A decades-long battle over a potential toll road in the Trinity River is about to end with the road’s opponents claiming victory.
The Dallas City Council is poised to vote next week on a resolution that would kill the toll road part of the Trinity project and turn the focus to building a park. It’s a victory for toll road opponents that seemed unthinkable until recently.
Mayor Mike Rawlings, who previously supported the toll road, officially stated his opposition to its construction at a Wednesday council meeting.
“I will be part of the group that says let's get together as a city and do something constructive in the city and not build a toll road or a parkway because I don't think that's what the city wants,” Rawlings said.
Councilman Philip Kingston has long fought against the road and reflected on Wednesday about the long battle.
"It feels a little bit celebratory,” Kingston said of the impending death of the road. “It’s a process that has taken a lot out of a lot of people."
The Trinity Parkway toll road was pushed for decades as a way to relieve Dallas gridlock and prepare for future growth. It would’ve connected from Interstate 35 north of downtown to US 175 south of downtown.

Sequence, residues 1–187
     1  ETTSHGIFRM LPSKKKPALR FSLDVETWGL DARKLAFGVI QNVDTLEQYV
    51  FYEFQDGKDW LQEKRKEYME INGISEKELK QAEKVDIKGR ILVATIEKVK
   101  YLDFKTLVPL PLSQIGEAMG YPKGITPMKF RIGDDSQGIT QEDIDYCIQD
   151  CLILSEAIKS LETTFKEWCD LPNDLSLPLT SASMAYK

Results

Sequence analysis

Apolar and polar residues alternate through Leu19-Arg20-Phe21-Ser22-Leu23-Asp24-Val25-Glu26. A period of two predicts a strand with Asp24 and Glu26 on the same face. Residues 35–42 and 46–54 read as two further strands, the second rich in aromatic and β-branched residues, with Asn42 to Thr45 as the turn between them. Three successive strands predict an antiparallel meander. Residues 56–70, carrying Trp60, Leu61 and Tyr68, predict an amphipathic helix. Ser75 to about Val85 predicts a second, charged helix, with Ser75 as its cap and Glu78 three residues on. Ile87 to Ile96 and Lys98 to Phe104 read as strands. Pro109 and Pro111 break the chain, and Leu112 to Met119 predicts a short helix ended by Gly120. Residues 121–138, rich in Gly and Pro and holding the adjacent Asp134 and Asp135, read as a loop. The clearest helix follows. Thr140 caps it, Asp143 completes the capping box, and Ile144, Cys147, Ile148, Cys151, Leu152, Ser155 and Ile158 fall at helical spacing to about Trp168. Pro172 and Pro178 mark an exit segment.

Proponents of the project claimed it would provide relief around the west and south sides of Dallas along the I-30 and I-35E corridors.
But years of opposition to a high-speed toll road culminated in the past two years with a change in the makeup of the council and prompted a scale down of the road. That scaled down version wouldn’t make enough money to cover the road’s construction -- and the city and other agencies don’t have the funds to build the road, either.
"From a mobility and congestion relief standpoint it is problematic. I don't want to speak for my former colleagues at NTTA, but it probably doesn't pencil for them,” said TxDOT commissioner Victor Vandergriff.
Vandergriff said future road projects in place of the toll road could involve widening I-35 or building lanes above the interstate or underground.
Only one council member continued to speak in favor of the project. Pleasant Grove-area council member Rickey Callahan claimed the road was needed for southern Dallas residents to get to jobs in the northern part of the city.
The council will also discuss next week details of the Trinity park and how the park will be managed. Philanthropist Annette Simmons has offered a $50 million donation to help jumpstart the park.